If you’ve been following us at ShopTalk powered by Endurance for a while now, you’ll remember we talk a lot about advanced safety features and how they have become an emerging battleground for competition among automakers. Thanks to that, we now see advanced safety and driver-assist features like adaptive cruise-control and lane-keeping coming standard on select cars and also optional on most new cars. However, there’s no denying that advanced safety features also come at a hefty price tag.
Are We Paying Too Much For Safety Options That Should Come Standard?
The high cost of potentially life-saving technology has the effect of not being used as often as they could be or perhaps should be. In fact there’s a “barrier to entry” for most of these features. By saying this, what we mean is that the most advanced equipment isn’t standard yet and even the ones that are tend to be standard almost exclusively on higher priced luxury or on upper-tier trims.
If you are purchasing a middle or lower trim car but then outfitting it with the same safety features as a higher one, you might wind up overspending upwards of $1,500 to the sticker price. Many insiders believe that the availability advanced safety features should improve as manufacturing costs come down while automakers move standardize systems deemed life-saving regardless of greater regulation.
Most automakers and industry analysts don’t publicize the numbers on how much people are willing to pay for advanced safety option. Nor are they willing to share the states of how many do. Regardless we can look to the example of automatic braking, which has become increasingly standard. According to automakers, features like that becoming standard get drivers comfortable with the idea of opting for more advanced safety-oriented tech. It allegedly allows automakers to figure out which to make standard and which to keep as a “premium” option.
Jeremy Carlson, an autonomous driving analyst with London-based IHS Markit believes as it stands improving the price point on advance safety features will simply take time. The main thing now is getting consumers to be willing to seek them in general.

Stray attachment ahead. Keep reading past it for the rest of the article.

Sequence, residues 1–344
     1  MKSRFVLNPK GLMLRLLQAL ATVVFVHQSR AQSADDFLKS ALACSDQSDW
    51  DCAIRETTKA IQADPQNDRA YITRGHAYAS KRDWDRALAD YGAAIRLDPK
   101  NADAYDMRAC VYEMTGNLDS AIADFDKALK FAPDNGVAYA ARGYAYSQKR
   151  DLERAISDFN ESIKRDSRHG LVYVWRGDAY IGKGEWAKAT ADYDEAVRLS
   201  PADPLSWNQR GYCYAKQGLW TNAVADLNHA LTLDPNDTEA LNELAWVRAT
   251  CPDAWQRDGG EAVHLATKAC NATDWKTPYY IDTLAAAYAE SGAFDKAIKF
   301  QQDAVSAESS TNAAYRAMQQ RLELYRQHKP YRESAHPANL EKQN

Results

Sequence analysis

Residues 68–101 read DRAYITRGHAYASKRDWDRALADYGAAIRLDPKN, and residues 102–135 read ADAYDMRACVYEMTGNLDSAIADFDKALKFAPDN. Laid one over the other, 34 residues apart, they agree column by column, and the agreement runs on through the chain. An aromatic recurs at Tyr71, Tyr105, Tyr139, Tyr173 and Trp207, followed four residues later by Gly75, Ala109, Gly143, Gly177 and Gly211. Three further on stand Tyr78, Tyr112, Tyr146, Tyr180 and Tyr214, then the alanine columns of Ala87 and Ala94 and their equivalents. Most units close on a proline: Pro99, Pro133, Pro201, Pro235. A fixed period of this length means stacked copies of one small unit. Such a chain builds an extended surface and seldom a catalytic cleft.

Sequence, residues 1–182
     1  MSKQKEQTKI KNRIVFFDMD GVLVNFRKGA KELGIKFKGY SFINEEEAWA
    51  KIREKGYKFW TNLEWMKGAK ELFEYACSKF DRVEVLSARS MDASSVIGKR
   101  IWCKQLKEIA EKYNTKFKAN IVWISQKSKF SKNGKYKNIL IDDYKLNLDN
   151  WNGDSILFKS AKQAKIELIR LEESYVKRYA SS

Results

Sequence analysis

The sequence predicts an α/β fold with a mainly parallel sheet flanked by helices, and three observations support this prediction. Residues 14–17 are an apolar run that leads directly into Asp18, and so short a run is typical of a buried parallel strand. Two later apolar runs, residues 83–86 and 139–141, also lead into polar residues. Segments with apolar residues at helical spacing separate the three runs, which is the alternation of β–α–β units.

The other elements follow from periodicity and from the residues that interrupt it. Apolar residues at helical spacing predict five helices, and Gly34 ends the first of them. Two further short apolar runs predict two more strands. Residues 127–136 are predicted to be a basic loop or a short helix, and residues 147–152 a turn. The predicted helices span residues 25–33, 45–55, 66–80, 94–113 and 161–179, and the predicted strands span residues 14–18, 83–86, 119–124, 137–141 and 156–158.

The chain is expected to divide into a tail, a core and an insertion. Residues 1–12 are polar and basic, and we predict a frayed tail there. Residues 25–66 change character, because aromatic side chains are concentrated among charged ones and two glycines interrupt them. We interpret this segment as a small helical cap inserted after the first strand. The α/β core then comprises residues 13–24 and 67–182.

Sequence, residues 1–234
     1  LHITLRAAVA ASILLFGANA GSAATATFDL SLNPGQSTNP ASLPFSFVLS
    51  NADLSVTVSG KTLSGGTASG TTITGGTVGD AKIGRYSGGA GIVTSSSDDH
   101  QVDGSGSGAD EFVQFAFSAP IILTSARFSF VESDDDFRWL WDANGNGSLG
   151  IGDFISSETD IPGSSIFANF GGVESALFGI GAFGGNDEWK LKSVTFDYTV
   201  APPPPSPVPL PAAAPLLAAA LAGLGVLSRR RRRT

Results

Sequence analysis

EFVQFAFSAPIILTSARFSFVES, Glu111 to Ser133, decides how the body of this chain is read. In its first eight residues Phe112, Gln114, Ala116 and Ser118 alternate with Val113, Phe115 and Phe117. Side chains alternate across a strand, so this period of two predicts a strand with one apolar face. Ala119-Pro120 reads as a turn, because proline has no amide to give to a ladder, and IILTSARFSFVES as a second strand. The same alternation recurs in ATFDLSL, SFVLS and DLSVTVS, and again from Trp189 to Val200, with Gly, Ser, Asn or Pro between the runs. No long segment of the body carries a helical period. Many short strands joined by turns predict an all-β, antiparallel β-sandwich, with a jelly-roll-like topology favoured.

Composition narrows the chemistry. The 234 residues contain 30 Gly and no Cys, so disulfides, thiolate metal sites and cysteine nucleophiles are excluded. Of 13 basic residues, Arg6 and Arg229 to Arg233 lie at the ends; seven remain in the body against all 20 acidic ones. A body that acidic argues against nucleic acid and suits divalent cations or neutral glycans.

Automakers and Safety Option Upcharges
The past few years have seen most automakers equipping their newer model year vehicles standard with things like automatic emergency-braking. It has been found to be a life-saving feature from the NHTSA but there’s no legal requirement for them yet.
Other examples of what automakers are doing are Ford Motor Co., General Motors Co., Fiat Chrysler Automobiles, Honda, Mazda and others all offering new driver-assistance packages. These still come at significant additional charges on the lineups. Features typically considered optional adaptive cruise-control, lane-keeping assist and automatic high-beam lights.
However, from what trade publications like Autoblog and Consumer Reports can tell, these aren’t as easy as being able to choose à la carte options for most vehicles. Most automakers offer different trims and packages on their vehicles and each of those come with unique sets of options.
Meanwhile most of the newer perks are being introduced as options on mainstream vehicles go one to become standard in subsequent model years as the cars are redesigned. Consumers save money when they wait rather than going for the latest and greatest, as they say.
It says something about the priorities of drivers and car buyers that safety features is more front & center as a primary demand. Even with the often high added cost, automakers and analysts shared statistics that show how the driver-assist and automated safety features market is a growth sector even outside luxury models. Driving a car is an everyday risk for many of us. And while there’s no guarantee that our cars will keep us completely protected from harm, all of these recent innovations have taken strides to bring us close to that. Now if only they came cheaper and more standard.